Abstract: This study’s objective is to examine the factors that have driven structural transformation (ST) in the Southeast Asian (SEA) economies and the policies supporting the process. It sets the stage by evaluating the ST in each country, quantifying the contribution of “within sector†and “structural change†to overall productivity growth and estimating the turning points (TPs) to gauge the prospects of income convergence. Eight SEA countries, undergoing a steady rate of economic growth —Cambodia, Lao PDR, Myanmar, Viet Nam, Philippines, Malaysia, Indonesia, and Thailand (CLMVPMIT) are chosen for analysis. We find their progress on ST to be consistent with the theory and historical patterns experienced in several developed and developing countries. However, progress is diverse across these countries and lags behind developed countries, indicating that labor is not exiting agriculture as fast as agriculture’s share of value added has been declining. The ST has decreased from 49 percent in Thailand to almost 3 percent each in Cambodia and Malaysia during 1991 to 2016. Further, the contribution of within change to productivity, which was pivotal during the 1990s in each country is rather subdued during the 2000s, thereby giving comparative primacy to structural change. A relatively higher—57 to 80 percent—contribution of structural change in Cambodia and Lao PDR, together with productivity growth, may be explained by increasing migration and trade in nonagriculture products. We also find that while Lao PDR, Thailand, and Indonesia have reached their TPs, other nations, especially the poorer ones such as Viet Nam, Myanmar, and Philippines are predicted to take at least a decade towards this goal. Empirical analysis suggests ST in CLMVPMIT is positively driven by agricultural productivity, terms of trade, and public investments in infrastructure, with little role for rural to urban migration and market integration. Large inter-sectoral productivity differentials across SEA countries, other than in Cambodia and Malaysia, necessitates to accelerate agricultural disproportionate share of the labor force in agriculture through higher productivity.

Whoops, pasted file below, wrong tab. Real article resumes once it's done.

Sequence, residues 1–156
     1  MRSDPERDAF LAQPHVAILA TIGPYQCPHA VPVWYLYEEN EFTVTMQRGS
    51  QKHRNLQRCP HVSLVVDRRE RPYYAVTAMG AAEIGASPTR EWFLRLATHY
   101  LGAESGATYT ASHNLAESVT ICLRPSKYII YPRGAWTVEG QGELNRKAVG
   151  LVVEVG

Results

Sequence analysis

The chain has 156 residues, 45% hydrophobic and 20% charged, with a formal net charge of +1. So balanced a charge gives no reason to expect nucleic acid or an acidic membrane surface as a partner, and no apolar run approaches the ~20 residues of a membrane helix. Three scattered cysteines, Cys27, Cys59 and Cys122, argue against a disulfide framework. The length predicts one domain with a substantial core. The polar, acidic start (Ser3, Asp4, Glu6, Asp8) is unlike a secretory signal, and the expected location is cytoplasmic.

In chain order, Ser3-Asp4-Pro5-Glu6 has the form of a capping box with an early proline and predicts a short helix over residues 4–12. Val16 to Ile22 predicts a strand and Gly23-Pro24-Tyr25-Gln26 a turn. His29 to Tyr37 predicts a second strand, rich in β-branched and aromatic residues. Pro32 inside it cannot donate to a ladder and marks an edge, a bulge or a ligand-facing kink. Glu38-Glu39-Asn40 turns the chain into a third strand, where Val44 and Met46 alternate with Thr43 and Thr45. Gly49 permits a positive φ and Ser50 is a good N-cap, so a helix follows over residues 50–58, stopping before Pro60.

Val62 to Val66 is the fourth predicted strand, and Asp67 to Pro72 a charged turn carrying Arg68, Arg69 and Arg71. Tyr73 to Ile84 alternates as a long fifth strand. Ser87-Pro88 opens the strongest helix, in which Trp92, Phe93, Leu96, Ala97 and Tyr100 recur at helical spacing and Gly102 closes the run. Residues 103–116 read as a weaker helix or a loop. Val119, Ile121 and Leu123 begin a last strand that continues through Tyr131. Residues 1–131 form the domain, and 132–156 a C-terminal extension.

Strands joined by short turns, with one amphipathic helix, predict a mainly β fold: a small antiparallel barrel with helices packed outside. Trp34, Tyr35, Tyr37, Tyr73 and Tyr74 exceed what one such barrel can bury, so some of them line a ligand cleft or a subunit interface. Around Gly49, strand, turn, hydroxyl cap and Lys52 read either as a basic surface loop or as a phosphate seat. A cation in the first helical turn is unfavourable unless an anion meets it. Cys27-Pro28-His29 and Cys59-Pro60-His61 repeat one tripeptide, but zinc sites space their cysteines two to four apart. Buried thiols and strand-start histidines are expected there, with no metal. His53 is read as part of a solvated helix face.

Keywords: SOUTH EAST ASIA, ASIA, agricultural productivity, labour productivity, policies, land productivity, diversification, infrastructure, structural transformation, turning points, public policies,
    Date: 2019